Obama discusses China's civil liberties with advocates in White House meeting
Thursday, January 13, 2011; 10:22 PM
President Obama met for more than an hour Thursday at the White House with five advocates for greater civil liberties and human rights in China, just days before Chinese President Hu Jintao's arrival in Washington for a state visit.
The meeting - which lasted 75 minutes in the Roosevelt Room - was part of Obama's preparation for his meetings with the Chinese leader, two senior administration officials said.
It was the first time Obama has met with advocates for human rights in China at the White House.
In a September address at the U.N. General Assembly, the president emphasized the centrality of human rights in U.S. foreign policy. But the administration has been cautious in raising the issue publicly with China, which has traditionally reacted harshly to criticism of its rights record.
On Thursday, Obama questioned the advocates - three of whom were born in China - about how, in the words of one administration official, "the arbitrary exercise of power is felt in the everyday lives of the Chinese people." Obama recalled his own childhood in Indonesia, then governed by dictatorship.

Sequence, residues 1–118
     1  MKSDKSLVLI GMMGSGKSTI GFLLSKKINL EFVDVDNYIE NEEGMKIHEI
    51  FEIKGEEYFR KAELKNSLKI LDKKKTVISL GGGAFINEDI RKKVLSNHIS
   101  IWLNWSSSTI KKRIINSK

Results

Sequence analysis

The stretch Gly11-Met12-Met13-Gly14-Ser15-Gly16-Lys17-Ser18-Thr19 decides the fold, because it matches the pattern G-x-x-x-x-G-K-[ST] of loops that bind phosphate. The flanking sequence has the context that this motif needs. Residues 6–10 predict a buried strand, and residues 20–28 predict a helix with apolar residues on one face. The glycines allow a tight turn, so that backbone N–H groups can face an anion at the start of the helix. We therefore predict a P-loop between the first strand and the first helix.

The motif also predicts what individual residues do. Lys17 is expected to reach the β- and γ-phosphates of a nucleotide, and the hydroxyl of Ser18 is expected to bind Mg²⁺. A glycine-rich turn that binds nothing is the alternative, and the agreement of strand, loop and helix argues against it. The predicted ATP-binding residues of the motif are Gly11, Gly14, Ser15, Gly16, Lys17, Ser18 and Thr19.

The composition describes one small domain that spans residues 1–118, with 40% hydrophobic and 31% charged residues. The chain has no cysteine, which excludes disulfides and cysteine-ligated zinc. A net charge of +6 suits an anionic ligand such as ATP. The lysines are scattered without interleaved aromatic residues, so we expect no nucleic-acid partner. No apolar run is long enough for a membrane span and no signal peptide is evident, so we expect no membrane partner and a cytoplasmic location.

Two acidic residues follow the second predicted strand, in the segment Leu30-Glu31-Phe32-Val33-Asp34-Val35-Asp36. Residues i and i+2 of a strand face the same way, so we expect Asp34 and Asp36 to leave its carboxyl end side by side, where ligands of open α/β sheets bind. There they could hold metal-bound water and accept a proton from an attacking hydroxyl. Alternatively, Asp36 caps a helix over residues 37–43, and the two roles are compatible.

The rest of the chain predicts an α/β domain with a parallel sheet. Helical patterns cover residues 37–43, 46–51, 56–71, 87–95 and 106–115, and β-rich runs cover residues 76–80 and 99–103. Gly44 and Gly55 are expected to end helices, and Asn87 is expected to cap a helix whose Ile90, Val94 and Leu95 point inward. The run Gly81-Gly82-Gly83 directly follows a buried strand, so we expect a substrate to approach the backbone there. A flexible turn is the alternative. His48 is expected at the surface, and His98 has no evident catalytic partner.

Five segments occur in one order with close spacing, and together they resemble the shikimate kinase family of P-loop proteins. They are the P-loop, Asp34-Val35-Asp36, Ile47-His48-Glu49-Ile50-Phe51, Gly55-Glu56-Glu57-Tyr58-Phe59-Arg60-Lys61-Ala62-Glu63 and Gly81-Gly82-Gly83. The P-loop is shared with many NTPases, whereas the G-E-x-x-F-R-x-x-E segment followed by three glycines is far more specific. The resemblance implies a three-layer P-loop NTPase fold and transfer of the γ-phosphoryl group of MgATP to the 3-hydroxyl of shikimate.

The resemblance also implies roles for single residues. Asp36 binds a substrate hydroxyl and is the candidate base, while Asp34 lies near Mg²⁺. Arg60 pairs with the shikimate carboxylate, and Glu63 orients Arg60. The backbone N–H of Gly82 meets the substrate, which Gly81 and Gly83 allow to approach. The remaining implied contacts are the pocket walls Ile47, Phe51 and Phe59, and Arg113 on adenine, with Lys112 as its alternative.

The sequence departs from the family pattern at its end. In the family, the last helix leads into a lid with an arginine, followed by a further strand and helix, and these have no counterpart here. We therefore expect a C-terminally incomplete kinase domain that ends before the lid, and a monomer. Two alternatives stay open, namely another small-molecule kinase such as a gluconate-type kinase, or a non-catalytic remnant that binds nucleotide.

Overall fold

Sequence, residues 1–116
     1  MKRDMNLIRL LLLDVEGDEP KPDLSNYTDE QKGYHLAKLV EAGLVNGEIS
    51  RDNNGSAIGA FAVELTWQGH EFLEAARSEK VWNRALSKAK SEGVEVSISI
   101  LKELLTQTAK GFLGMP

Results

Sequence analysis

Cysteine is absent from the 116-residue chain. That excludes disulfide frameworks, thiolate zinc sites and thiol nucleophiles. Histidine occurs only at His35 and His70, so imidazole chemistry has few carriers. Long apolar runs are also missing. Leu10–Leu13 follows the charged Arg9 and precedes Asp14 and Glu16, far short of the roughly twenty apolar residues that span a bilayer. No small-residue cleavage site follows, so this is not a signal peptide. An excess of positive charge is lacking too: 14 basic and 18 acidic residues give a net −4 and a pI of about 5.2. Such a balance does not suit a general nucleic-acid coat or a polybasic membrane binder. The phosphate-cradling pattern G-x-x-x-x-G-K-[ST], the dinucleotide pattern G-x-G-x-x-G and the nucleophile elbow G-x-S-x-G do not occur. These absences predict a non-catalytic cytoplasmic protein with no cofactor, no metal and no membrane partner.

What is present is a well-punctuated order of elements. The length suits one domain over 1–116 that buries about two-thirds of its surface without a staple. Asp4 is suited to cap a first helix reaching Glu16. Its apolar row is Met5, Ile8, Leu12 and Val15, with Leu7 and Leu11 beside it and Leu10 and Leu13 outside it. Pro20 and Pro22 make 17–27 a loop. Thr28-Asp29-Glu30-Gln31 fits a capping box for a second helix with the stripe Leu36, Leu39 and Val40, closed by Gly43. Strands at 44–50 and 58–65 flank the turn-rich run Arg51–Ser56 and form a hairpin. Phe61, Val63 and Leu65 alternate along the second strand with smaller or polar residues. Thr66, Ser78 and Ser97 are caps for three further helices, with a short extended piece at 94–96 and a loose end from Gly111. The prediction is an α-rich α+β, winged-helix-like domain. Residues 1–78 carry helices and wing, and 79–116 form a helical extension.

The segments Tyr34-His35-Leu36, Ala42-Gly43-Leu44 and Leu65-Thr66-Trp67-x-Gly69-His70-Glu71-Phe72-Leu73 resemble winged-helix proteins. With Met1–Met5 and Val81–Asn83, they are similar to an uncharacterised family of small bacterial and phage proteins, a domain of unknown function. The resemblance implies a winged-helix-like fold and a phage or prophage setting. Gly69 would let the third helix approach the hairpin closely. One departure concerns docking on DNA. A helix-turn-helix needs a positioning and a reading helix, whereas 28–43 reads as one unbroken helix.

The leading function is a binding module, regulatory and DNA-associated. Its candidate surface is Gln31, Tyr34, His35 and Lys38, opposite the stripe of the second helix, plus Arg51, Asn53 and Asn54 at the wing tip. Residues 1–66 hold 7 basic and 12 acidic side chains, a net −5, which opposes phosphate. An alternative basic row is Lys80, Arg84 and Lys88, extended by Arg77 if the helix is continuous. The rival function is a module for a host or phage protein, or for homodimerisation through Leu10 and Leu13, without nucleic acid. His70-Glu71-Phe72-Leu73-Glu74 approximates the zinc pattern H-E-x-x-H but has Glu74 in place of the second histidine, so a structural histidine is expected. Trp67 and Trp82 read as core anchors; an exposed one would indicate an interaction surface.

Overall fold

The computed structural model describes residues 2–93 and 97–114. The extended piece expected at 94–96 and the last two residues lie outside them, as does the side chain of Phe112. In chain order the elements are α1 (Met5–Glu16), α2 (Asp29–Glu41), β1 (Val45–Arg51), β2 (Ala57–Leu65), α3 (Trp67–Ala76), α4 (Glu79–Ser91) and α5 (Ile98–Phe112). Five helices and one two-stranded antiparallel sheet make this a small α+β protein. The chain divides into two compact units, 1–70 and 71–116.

"One thing he kept coming back to was, how does the omnipresence of the state, how does corruption, affect the lives of real people," the official said, speaking on condition of anonymity. "And he asked how we should use our leverage. Where should we use our leverage?"
"There was a lot of talk about how to reach into China to be heard," the official continued. "He was very, very interested in that."
While economic and security issues are likely to be the focus of much of Hu's visit, how Obama manages the topic of human rights will likely help define the summit and provide clues to how the president intends to speak about the contentious subject with China in the years ahead.
By hosting Hu, who arrives Wednesday, Obama will achieve the distinction of becoming the first U.S. president to host a head of state who is currently holding a Nobel Peace Prize laureate in prison.
The Chinese writer and democracy advocate Liu Xiaobo was awarded the prize in October, and it was presented to his empty chair in Oslo two months later. Obama, who won the prize the previous year, "welcomed" the Nobel Committee's decision to award the prize to Liu. China condemned it.
At their summit, Obama and Hu are expected to announce the resumption of the U.S.-China "human rights dialogue" after a roughly half-year hiatus. The forum allows U.S. officials to raise with the Chinese government concerns over specific political prisoners, among other issues.
But the subject also holds the most potential to disrupt a visit that Hu views as important to his legacy. He is scheduled to leave the presidency in 2012.